Current company valuation::
What is my company worth?

17 September 2020

Especially in uncertain times, many medium-sized companies are faced with the question of the value of their own company. The crisis has had a noticeable effect on the business figures and some of them are already thinking about whether they should invest a few more years to get back to the old level or whether perhaps now would be a good time to sell the company.

However, this also means accepting discounts on the prices to be achieved. But what does that mean in concrete terms? To get a simplified view, let's take a quick look at the most common valuation methods. The two most important methods for determining the value of a company are industry multiples and the discounted cash flow method. We will disregard the latter here, as it is a more complex model that requires a certain amount of expertise. On the basis of the multiples, even laypersons have the opportunity to get at least a rough idea of the company value.

With the industry multiples, a current key company figure (sales, EBITDA, EBIT) - usually the last available financial statement - is multiplied by a factor. The figure then obtained reflects the value of the company, namely "cash and debt free", i.e. the liabilities existing at this point in time must be deducted and cash in hand added.

However, the multiples are based on the available company figures. Even if 2019 is the last available financial statement, every buyer will wait for the 2020 figures or extrapolate them. Thus the missing result is fully reflected in this valuation. Although the multiples themselves have fallen in recent months, they are currently showing a rising trend again. All in all, the situation is much better than in 2009, but that could also be due to a lack of investment alternatives. In the future, even greater emphasis will also be placed on planning, even if this is where the greatest uncertainties naturally lie.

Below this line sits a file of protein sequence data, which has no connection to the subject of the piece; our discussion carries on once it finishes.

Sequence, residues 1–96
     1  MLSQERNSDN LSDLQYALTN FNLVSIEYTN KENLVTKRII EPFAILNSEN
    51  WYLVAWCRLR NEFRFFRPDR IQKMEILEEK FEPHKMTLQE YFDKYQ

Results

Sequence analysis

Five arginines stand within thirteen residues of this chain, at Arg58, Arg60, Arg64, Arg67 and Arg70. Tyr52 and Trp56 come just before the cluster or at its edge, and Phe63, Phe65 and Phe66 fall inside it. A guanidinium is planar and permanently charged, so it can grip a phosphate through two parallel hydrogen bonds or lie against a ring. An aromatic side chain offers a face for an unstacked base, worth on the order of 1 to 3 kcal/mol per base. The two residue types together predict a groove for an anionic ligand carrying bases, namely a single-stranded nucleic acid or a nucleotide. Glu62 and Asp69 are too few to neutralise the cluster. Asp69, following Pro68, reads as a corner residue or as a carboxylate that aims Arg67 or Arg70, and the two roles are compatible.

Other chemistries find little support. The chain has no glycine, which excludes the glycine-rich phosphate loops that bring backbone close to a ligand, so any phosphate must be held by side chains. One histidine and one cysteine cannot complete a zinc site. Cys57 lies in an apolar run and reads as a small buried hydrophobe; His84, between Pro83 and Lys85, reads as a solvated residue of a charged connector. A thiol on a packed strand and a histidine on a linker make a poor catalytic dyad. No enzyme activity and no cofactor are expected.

Looking at the current multiples, these are to be estimated at between 5 and 7 (EBIT) and 0.35 to 0.7 (sales) in the "crisis industries" of transport, logistics, tourism, vehicle construction as well as construction and trade, while in areas such as software, telecommunications and pharmaceuticals, values between 7 and 10 (EBIT) and 1.2 to 1.8 (sales) can be assumed.

Especially in the crisis industries, this is a decline of around 30% compared to the boom years of 2015 or even 2008. If we now take a worse basis of figures for sales/EBIT, the value has halved for many companies. But here, too, it's not a look backwards that helps, but rather forwards: The entrepreneur must ask himself whether and when he will be able to reach the level of previous years again and whether he still wants to actively shape this period.

In the industries of the future, the end of the rise has certainly not yet been reached. Here, a general economic upturn will further boost the already high multiples. This is also against the background that there are currently few such companies for sale on the market and the valuations of biotech companies involved in the development of a corona vaccine show this development. However, there will be setbacks for those companies that will not be successful in the end because they have currently tied up a lot of resources in this topic and thus neglected other developments.

It is difficult at this point to make a clear value statement about individual companies, since many individual criteria must always be taken into account. But a simple application of the multiples taking into account cash on hand and liabilities gives at least a first clue. It is important to use the realistic and long-term achievable figures. In a sales process, these will have to withstand close scrutiny and questioning anyway. It can be helpful to take not only the perhaps still successful figures for 2019, but also the figures for 2020, including realistic planning up to the end of the year, in order to get a range within which a possible purchase price can move.

Our experience of the last weeks shows a decline in transactions but also a strong interest in stable and profitable companies, as the market is empty and there is a high investment pressure especially from many financial investors. This means that good prices can still be achieved at present, even if the company figures and multiples have suffered a decline. And even with companies that have been hit harder by the crisis and therefore transactions that have already started have been postponed, talks are slowly resuming.